You don’t want this Thanksgiving to be remembered as “The Year Everybody Except the Vegetarians Got Salmonella.”
It’s a real risk, however. Raw turkey and its juices can “contaminate anything they touch,” leading to foodborne illness, according to the Centers for Disease Control and Prevention. Salmonella is responsible for nearly 27,000 hospitalizations and 420 deaths each year, not to mention hundreds of thousands of stomachaches.
The following information can help keep the guests in your home safe from food poisoning this Thanksgiving. Don’t make these dangerous mistakes.
1. Letting turkey sit out to thaw
Freezing doesn’t kill any bacteria that might be on a turkey. Once the bird warms to 40 degrees, those bacteria can start multiplying. That’s why the U.S. Department of Agriculture recommends thawing a frozen turkey in the fridge. Allow 24 hours for every 4 to 5 pounds of bird. Consult FoodSafety.gov’s tables for more on thawing and roasting times.
If you need to speed up the process right before cooking, here are two options to finish the thaw:
- Cold water: Put the frozen turkey inside a leak-proof plastic bag (or leave it sealed in the plastic it came in) into a sink or container full of cold water. Change the water every half-hour, making sure to use cold water each time. Thawing should take 30 minutes per pound.
- Microwave: Use your microwave owner’s manual to determine the right power level to use, the number of minutes to thaw the bird per pound, and the size of the turkey that can be put into the appliance. If the turkey seems to be cooking, instead of just thawing, let it rest for five minutes and then resume thawing.
With both of the non-fridge thawing methods, start cooking the bird immediately after it’s thawed.
Incidentally, it’s possible to cook a solidly frozen turkey. But it will take at least 50% longer.
The U.S. Department of Agriculture has more tips for safely thawing a frozen bird.
2. Washing the turkey
More than two-thirds of home cooks wash a turkey before cooking it. Bad idea, according to the USDA. That’s because do so transfers harmful bacteria to your workspace and other foods. The splash zone can extend as far as 3 feet away.
Instead, put the unwrapped bird directly into the pan. Cooking a turkey to an internal temperature of at least 165 degrees kills any bacteria.
A brined turkey, however, does need to be rinsed before it goes into the oven. Here’s how to cut the risk of bacterial contamination:
- Move everything (dish drainer, sponges, etc.) away from the sink and cover the surrounding area with paper towels.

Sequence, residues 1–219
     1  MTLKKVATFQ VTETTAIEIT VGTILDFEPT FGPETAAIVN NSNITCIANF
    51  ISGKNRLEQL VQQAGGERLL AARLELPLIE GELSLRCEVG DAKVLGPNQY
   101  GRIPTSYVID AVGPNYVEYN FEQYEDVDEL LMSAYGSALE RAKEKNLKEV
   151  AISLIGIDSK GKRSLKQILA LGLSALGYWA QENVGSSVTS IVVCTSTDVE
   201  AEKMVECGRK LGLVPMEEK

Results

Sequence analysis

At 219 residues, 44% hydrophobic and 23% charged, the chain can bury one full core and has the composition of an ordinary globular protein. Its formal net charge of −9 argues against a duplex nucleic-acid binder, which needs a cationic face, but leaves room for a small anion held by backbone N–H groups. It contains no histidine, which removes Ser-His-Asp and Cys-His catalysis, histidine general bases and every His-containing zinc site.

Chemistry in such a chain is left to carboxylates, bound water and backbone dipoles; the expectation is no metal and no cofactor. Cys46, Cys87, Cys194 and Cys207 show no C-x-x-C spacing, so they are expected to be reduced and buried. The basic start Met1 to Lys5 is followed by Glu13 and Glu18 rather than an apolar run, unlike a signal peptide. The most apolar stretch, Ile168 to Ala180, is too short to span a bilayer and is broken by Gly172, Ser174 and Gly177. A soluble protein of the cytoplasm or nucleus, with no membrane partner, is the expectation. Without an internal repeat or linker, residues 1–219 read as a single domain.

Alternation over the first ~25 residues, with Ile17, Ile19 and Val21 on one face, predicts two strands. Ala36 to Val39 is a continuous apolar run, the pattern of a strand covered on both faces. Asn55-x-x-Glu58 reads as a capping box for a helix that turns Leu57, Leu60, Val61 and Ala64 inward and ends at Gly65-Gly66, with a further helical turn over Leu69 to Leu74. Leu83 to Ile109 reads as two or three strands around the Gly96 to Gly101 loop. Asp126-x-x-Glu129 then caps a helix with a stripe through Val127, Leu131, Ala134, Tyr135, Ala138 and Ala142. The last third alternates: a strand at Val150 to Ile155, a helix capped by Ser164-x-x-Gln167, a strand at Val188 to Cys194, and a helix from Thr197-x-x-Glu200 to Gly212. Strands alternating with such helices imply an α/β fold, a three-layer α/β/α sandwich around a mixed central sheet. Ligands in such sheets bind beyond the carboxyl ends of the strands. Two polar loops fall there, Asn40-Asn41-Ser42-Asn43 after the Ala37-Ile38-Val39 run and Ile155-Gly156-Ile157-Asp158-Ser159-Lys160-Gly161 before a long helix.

- Position the roasting pan right next to the sink.
- Wash the sink with hot, soapy water and rinse thoroughly. Then fill it with several inches of cold water.
- Run the cold-water faucet gently — avoiding splashing — through the turkey’s cavity. Hold it up to drain, then put it in the roasting pan.
- Throw away the paper towels and use hot, soapy water to clean the sink and workspace. Only then should you put the pan in the oven.
3. Not washing your hands right after handling raw turkey
Bacteria, remember? Don’t stop for a moment, even to reply to a text or comfort a child.
If you have to pause the prep, wash your hands thoroughly with soap and water. Lather for at least 20 seconds before rinsing.
The CDC explains how to wash hands before, during and after food prep.
4. Not using a meat thermometer
There is no substitute for a meat thermometer.
Maybe your mom didn’t have one (mine didn’t) and nobody got sick. We were all just lucky. Bacteria can survive internal temperatures below 165 degrees.
Check for doneness by inserting the food thermometer into the thickest parts of the breast, thigh and wing joint. Also, put the thermometer into the center of the stuffing. The temperature in each of these spots must reach 165 degrees or more.
5. Letting cooked turkey sit out for hours
After a great Thanksgiving dinner, it’s pleasant to linger at the table, reminiscing about previous holidays and having just a smidgen more pumpkin pie.
Linger all you like, but don’t let food sit around at room temperature. According to the CDC, all perishable foods should be refrigerated within two hours. And, if it’s 90 degrees or warmer outside — or in any car you might transport leftovers in — get all food wrapped and safely stored within one hour.